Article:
Thursday, 6 August 2009
I did not like the Tale of Despereaux by Kate DiCamillo. But the reasons I did not like it are precisely the reasons why children will/do.
I've been reading fantasy since I was a child. I no longer need 'help' in feeling I'm inside the novel. Kate DiCamillo employed a writing style wherein she asks the reader to 'picture' things or 'feel' things. She also addresses the reader so often that, for me, it made it harder to stay in the story. But this is just the sort of language that helps kids feel like they are participating in the action. In fact, I imagine reading this story to a child would be a lot of fun.
Another thing that made it hard for me was the constant starting and stopping of the story by way of introducing another main character. This is not a story that reads linearly. There are three beginnings. Each one brings the reader up to speed about the lives of the characters - Despereaux (the tiny mouse), Roscuro (the evil - or not so evil - rat), and Miggery Sow (the unwitting facilitator of Roscuro's revenge). Again, for children, this works.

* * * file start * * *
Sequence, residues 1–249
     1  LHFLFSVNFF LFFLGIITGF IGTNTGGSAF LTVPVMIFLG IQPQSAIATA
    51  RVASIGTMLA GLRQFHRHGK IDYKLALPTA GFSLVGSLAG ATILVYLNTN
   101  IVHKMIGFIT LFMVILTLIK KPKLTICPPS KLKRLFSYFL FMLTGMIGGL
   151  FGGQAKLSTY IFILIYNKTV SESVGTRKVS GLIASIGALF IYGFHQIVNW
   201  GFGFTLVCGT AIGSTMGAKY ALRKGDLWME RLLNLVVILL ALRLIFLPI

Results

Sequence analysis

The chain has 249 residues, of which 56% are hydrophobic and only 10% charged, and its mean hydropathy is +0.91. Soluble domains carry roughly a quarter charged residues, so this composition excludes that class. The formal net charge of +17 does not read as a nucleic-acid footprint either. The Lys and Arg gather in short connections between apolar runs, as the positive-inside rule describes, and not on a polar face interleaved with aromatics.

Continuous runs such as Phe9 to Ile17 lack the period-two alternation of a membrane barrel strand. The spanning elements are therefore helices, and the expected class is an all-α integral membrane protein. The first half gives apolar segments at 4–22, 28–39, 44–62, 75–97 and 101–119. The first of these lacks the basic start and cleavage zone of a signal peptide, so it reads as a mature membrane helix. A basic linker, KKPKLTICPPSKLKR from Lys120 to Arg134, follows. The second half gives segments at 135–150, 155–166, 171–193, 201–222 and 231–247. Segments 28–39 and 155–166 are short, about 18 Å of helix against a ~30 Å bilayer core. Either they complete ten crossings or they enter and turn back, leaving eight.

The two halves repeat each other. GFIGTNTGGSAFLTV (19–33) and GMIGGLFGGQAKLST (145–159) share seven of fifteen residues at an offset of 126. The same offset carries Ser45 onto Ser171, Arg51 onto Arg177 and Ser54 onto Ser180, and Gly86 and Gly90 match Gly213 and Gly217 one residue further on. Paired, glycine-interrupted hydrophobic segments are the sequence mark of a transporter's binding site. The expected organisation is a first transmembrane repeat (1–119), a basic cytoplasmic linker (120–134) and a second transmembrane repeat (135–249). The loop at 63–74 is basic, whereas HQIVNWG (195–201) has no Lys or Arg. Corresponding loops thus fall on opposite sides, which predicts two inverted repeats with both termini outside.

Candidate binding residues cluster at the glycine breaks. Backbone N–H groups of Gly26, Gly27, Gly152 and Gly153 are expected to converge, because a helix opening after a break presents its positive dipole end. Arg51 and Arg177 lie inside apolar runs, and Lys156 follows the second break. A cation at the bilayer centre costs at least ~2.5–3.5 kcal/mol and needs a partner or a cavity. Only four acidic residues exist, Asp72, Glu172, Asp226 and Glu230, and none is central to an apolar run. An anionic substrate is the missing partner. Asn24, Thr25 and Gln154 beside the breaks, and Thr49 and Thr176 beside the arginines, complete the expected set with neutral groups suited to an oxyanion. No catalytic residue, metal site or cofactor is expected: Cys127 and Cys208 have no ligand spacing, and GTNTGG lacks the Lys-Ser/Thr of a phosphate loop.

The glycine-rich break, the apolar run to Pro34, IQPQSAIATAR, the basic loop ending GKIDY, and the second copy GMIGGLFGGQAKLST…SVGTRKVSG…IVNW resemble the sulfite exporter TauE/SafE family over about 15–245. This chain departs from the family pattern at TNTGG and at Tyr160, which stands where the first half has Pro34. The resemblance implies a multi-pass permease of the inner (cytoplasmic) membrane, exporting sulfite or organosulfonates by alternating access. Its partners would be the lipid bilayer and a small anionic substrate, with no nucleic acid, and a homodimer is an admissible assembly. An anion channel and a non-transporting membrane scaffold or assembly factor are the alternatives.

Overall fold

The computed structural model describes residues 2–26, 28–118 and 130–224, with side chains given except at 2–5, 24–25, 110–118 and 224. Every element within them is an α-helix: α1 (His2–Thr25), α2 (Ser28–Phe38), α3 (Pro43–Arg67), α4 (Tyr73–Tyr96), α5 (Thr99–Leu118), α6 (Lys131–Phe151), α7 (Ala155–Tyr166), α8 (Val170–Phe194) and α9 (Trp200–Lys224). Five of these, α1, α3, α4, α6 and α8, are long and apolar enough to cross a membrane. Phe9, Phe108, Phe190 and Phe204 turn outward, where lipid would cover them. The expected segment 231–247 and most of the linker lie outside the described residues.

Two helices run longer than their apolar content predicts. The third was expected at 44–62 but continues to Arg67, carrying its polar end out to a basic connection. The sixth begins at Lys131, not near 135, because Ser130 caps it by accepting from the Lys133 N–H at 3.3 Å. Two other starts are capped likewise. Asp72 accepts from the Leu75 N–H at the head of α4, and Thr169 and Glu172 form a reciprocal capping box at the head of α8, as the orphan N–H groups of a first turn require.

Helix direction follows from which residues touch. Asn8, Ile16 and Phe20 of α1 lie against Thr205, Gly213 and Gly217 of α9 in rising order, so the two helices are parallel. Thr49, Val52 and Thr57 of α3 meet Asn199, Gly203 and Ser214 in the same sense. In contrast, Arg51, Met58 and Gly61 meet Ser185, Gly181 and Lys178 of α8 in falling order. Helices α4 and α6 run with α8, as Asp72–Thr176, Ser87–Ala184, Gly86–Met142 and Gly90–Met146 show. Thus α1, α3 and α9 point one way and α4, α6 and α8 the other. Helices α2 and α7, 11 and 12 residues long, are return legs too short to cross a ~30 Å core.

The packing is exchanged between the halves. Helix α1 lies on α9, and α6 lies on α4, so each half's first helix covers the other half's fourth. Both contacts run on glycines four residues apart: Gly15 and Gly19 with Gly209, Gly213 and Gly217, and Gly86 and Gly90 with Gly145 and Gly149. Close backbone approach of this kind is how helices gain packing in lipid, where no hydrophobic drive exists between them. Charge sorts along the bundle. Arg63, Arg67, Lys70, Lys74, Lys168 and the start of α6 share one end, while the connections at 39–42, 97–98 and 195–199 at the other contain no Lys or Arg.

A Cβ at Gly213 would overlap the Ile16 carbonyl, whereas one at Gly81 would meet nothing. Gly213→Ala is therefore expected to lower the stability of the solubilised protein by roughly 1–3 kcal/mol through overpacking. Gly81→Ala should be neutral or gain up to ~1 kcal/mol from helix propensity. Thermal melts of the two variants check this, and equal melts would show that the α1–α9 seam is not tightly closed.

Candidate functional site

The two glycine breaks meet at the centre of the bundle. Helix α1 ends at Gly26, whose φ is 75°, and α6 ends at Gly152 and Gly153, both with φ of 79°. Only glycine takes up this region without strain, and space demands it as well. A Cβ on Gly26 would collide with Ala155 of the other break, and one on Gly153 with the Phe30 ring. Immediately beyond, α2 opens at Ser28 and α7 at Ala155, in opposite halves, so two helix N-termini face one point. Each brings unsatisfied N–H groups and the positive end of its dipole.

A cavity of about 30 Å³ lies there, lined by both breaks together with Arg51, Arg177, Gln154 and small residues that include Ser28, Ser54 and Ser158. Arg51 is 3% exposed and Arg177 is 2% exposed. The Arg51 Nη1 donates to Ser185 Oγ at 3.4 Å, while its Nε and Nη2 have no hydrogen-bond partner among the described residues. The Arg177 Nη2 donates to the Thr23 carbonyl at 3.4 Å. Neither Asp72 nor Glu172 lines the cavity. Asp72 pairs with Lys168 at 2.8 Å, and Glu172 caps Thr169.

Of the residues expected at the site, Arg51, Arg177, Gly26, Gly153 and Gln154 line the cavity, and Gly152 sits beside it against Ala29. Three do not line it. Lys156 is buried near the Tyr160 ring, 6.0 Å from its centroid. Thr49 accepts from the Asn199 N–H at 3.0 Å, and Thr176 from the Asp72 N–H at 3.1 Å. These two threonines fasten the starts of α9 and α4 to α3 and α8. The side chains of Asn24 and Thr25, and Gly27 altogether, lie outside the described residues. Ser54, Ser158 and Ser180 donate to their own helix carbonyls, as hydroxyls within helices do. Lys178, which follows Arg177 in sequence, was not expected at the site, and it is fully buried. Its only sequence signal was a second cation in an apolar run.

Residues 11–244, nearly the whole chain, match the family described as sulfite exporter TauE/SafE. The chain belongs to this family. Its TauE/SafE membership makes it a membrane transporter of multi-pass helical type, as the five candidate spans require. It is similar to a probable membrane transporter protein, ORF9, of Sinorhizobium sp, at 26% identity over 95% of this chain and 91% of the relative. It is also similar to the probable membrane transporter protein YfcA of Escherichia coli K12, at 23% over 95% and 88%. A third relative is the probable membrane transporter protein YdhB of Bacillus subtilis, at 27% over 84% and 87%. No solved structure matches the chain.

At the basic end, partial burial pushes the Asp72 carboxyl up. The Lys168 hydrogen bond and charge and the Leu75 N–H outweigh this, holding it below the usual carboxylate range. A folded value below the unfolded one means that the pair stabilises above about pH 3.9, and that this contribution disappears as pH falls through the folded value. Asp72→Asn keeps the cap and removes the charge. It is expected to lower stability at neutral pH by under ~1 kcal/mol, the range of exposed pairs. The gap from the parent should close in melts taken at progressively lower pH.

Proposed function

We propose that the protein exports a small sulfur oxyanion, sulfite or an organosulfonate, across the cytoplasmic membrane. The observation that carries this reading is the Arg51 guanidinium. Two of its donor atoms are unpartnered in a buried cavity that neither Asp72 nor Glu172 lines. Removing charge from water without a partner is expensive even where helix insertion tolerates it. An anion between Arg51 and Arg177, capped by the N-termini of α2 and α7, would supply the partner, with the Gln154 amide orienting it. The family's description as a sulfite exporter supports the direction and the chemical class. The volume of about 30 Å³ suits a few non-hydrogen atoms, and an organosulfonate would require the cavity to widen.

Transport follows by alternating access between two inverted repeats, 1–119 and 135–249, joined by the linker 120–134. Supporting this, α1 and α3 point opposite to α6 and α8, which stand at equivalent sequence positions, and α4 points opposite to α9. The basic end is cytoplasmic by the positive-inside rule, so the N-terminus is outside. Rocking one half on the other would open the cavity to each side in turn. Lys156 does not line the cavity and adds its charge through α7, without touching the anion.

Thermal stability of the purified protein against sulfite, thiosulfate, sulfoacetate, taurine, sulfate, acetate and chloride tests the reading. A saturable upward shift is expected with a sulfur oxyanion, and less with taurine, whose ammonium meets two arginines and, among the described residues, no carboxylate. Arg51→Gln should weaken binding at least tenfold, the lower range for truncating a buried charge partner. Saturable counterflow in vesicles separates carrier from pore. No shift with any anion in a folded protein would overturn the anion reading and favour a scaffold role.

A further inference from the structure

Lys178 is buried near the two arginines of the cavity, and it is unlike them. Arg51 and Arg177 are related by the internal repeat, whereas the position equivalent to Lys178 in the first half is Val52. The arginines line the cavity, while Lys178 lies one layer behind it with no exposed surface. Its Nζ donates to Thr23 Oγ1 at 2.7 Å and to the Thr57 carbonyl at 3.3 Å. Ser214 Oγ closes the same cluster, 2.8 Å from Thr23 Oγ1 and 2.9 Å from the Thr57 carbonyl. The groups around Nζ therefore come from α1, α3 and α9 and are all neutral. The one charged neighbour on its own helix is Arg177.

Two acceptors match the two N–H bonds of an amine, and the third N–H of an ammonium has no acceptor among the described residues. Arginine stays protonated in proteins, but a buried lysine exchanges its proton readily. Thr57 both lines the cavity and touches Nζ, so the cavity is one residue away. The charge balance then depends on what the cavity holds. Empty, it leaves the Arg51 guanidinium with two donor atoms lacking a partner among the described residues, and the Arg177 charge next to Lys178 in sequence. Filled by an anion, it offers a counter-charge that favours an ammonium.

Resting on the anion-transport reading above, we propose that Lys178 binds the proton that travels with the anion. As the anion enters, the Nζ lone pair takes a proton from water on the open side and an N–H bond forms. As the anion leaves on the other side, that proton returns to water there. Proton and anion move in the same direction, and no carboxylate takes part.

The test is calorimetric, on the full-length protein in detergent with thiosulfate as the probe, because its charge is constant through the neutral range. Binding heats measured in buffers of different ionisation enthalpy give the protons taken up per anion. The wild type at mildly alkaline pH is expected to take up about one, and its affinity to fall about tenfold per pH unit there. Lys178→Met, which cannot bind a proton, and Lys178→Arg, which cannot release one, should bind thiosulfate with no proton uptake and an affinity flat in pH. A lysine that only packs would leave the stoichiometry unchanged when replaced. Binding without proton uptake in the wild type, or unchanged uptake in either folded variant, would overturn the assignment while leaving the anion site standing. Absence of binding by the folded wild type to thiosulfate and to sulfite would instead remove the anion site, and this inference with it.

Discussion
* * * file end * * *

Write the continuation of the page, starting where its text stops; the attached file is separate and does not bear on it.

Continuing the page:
The chapters are all short, adhering a child's attention span. And any difficult words introduced are also explained within the text, making this a potentially good reading primer for young children.
Finally, the writing is superb. If you're an adult reading this to yourself, well, it's a matter of taste. But I'd suggest finding a child to share the story with. There are several fun characters if you like telling stories with 'voices'.
Wednesday, 5 August 2009
Told mostly, but not exclusively, from Lou's point of view, we get a very well researched idea of how autistic people see the world. A point of view that helps to broaden your own as a reader and human being.
It's a great novel. Well written and with an ending you won't see coming.
Saturday, 1 August 2009
Frostbitten – Kelley Armstrong
Transition – Iain Banks
Dr Who: Autonomy – Daniel Blythe
Alex Detail's Revolution – Darren Campo
Dr Who: The Krillitane Storm – Christopher Cooper
Gwenhwyfar – Mercedes Lackey
The Phoenix Transformed – Mercedes Lackey & James Mallory
Fledgling – Sharon Lee & Steve Miller
Dr Who: The Taking of Chelsea 426 – David Llewellyn
Dreamwish Beasts & Snarks – Mike Resnick
Dr Who: The Dalek Project – Justin Richards
The Sword of the Lady – S.M. Stirling
The Stoneholding – James Anderson & Mark Seabanc
The Stars, Like Dust – Isaac Asimov
The Eyes of a King – Catherine Banner
Living Outside the Lines – Lesley Choyce
Return of the Black Company – Glen Cook
Grand Junction – Maurice Dantec
Dark Road Rising – P.N. Elrod
Must Love Hellhounds – Charlaine Harris, Naolini Singh, Ilona Andrews & Meljean Brook
Racing the Dark – Alaya Dawn Johnson